HWhat should I do with my artichoke plants?

kudzu9(Zone 8a - PNW)November 3, 2007

I planted a number of artichoke plants this last summer, but I started late and the weather was cool so they didn't produce. However, they are very healthy, bushy, and dark green, and about 3-4' high. I live in the Pacific NW where the weather is rainy in winter, but usually above freezing. (We may have 10 days of below freezing nights, but it usually gets back above freezing the next day or two.) Can I mulch these and get them to re-grow next year? Should I cut off the foliage or not? Can I dig the roots up and save them? Any advice is appreciated....

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ninjabut(USDA z 8,CA)

I had some of the globe variety for a couple of years. I ended up not liking the globe (round) artichokes, so I pulled them.I also got tons of ants and earwigs!
Anyway, once I planted them, I just let them be! They surprized me with fruit when I least expected it!
Unfortunately, the kind I got didn't have alot of "meat" to them, and the hassle of the ants and earwigs turned me off to growing them.
Good luck to you! NT

    Bookmark   November 4, 2007 at 8:53PM
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kudzu9(Zone 8a - PNW)

ninjabut- Thanks; that's encouraging.

Anyone else - Do you have similar experiences, or know if mulching would help or hurt?

    Bookmark   November 7, 2007 at 11:46AM
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esobofh

I don't think mulching will hurt if your soil is well drained.. I'm just north of you in vancouver and I just mulched my beds (all of em) with leaves I collected from neighbors. I have onions continuing on through the winter, and i mulched them up a few inches.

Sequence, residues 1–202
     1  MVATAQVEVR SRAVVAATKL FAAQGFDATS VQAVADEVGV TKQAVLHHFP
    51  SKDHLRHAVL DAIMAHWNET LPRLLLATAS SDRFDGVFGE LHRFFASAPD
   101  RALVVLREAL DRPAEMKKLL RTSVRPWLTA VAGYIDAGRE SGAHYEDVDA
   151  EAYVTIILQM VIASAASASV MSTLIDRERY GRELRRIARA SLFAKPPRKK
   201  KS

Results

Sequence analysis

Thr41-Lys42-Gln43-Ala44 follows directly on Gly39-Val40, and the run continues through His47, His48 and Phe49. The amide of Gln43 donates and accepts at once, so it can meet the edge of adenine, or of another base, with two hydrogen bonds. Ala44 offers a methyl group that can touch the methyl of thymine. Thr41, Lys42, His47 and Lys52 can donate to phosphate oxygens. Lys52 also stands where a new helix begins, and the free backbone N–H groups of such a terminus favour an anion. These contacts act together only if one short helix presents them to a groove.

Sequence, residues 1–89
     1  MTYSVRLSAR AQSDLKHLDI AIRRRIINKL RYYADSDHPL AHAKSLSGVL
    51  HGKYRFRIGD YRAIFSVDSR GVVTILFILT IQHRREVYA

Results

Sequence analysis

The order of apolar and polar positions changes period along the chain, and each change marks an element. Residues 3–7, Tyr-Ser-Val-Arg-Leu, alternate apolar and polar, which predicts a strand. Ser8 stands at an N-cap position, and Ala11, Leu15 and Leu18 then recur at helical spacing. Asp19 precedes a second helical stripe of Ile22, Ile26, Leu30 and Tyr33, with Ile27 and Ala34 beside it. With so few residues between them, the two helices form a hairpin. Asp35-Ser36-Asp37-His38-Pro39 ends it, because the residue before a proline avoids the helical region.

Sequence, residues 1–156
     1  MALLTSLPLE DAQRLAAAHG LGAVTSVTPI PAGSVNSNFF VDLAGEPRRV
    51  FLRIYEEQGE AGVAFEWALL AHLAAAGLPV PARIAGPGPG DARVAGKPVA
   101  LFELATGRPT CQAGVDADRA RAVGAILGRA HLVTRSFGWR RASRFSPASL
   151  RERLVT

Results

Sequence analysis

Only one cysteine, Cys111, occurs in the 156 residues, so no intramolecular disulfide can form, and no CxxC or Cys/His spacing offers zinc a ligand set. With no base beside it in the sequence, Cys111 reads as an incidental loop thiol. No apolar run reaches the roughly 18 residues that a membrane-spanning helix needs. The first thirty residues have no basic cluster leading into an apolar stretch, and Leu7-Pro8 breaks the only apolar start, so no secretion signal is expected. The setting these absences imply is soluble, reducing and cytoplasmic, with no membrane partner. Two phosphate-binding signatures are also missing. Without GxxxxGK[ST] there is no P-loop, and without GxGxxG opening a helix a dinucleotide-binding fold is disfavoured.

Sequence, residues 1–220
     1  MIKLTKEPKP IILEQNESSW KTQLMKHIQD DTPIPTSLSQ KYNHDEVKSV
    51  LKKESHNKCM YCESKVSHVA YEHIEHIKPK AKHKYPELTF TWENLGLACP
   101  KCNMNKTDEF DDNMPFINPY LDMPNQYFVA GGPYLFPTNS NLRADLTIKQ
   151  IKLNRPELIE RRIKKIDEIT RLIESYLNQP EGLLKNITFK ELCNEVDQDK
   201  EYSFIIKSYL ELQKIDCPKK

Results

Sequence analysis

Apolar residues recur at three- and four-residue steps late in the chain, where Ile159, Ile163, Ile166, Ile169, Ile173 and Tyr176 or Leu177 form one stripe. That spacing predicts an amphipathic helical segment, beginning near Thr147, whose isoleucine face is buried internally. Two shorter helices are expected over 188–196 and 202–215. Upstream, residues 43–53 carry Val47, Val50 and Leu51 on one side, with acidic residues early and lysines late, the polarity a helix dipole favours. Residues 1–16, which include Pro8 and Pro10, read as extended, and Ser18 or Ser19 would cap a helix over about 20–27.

On the other hand, if your soil is too moist or shaded you may end up in a rotting/molding situation that could encourage the plants to do the same.

    Bookmark   November 7, 2007 at 1:29PM
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aka_peggy(Central Md 6b)

Kudzu, I should think you'd have the perfect climate for growing artichokes. My goodness, Castroville, Ca is the artichoke capital and they should be in about same zone as you.

I've grown "Imperial Star" here in central Maryland. They did ok but I didn't care for their small size. I like big meaty artichokes. Imperial Star doesn't require as much chilling or vernalization as the perennial varieties.

I think you should mulch the plants with several inches of leaves or straw. I don't think you have to worry about them rotting or molding. I found the link below to be informative. A google search on "growing artichokes" will bring up plenty of good info also.

Good luck.

Here is a link that might be useful: Growing artichokes

    Bookmark   November 8, 2007 at 8:22AM
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kudzu9(Zone 8a - PNW)

Thanks, everyone, for all the great info. I think I'm prepared now!

    Bookmark   November 8, 2007 at 10:00PM
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growingup

Leave them. I have a globe variety and mine fruit after winter. They usually take 2 years depending on when you plant them, to fruit. I thought mine had died over summer, but I left them, chopped them way down and now, they are huge. I'm expecting a great harvest after this winter.

    Bookmark   November 12, 2007 at 1:09AM
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